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Unhappy at work? The boss or the company may be to blame
18 January 2012
Springer Science+Business Media
If our psychological needs at work are met, we are more likely to be happy
If you are unhappy at work, it could be partly due to your boss' management style, according to a new study by Dr. Nicolas Gillet, from the Université François Rabelais in Tours in France, and his team. Both over-controlling managers who use threats as a way to motivate employees, and organizations that do not appear to value individuals' contributions, frustrate our basic needs for autonomy, competence, and relatedness (how we relate to others). This, in turn, is likely to have a negative impact on our well-being at work. The research is published online in Springer's Journal of Business and Psychology.
The way we feel, or our well-being, can account for more than a quarter of the differences observed in individuals' performance at work. Workplace well-being is therefore receiving increasing attention as it may have economic implications for the organization if workers are underperforming.
The authors looked at the impact of perceived organizational support (the extent to which the organization values workers' contributions) and supervisor's interpersonal style (either supportive towards subordinates' autonomy or controlling their behavior) on workers' well-being.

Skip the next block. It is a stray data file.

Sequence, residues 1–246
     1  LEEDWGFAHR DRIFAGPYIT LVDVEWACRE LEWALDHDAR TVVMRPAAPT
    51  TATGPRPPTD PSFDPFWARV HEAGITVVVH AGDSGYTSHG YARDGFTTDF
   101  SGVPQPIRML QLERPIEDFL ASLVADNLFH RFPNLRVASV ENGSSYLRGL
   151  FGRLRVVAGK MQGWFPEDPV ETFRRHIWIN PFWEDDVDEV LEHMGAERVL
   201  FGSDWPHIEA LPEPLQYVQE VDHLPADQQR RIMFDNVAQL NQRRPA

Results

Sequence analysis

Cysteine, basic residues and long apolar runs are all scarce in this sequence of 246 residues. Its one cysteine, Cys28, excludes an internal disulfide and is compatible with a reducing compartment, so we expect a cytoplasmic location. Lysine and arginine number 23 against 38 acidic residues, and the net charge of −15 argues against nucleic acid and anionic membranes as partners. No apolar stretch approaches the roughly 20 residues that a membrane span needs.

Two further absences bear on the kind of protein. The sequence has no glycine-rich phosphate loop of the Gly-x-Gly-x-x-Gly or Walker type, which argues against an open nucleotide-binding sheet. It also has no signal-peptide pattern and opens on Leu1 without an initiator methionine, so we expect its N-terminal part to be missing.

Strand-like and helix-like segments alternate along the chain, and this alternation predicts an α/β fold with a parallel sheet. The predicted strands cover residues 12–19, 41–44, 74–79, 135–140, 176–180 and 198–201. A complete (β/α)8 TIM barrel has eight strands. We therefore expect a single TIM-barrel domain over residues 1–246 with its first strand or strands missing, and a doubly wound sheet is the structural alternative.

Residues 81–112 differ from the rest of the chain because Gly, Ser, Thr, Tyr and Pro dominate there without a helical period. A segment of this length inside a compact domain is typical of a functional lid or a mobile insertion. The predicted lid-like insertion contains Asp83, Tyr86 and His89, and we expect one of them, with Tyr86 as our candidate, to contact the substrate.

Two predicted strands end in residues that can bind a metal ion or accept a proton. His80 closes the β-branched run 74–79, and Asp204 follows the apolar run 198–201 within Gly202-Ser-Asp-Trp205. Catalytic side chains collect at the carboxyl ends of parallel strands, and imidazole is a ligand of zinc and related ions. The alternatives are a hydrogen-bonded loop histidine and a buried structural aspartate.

They carried out two experiments on 468 and 650 workers respectively, from a combination of small, medium and large French companies. Participants filled in questionnaires asking them about their perceptions of their supervisors' management style, as well as the extent to which they felt that their organization supported them.
The more employees felt that their supervisor supported their autonomy, the more their needs for autonomy, competence and relatedness were met and the happier and more satisfied they were. The same was true with greater perceived organizational support. Equally, when supervisors behaved in a coercive, pressuring and authoritarian way, or organizations were perceived as unsupportive, workers' needs were thwarted and they experienced lower levels of well-being.
The authors conclude: "Our study shows that both organizational and managerial factors have an influence on satisfying or frustrating the basic psychological needs for autonomy, competence, and how we relate to others. We have shown, for the first time, that the fulfilment and frustration of these needs plays a central role in the improvement or reduction of well-being at work. Therefore, to satisfy employees' needs, supervisors should provide subordinates with options rather than use threats and deadlines, a strategy which could improve their workforce's well-being."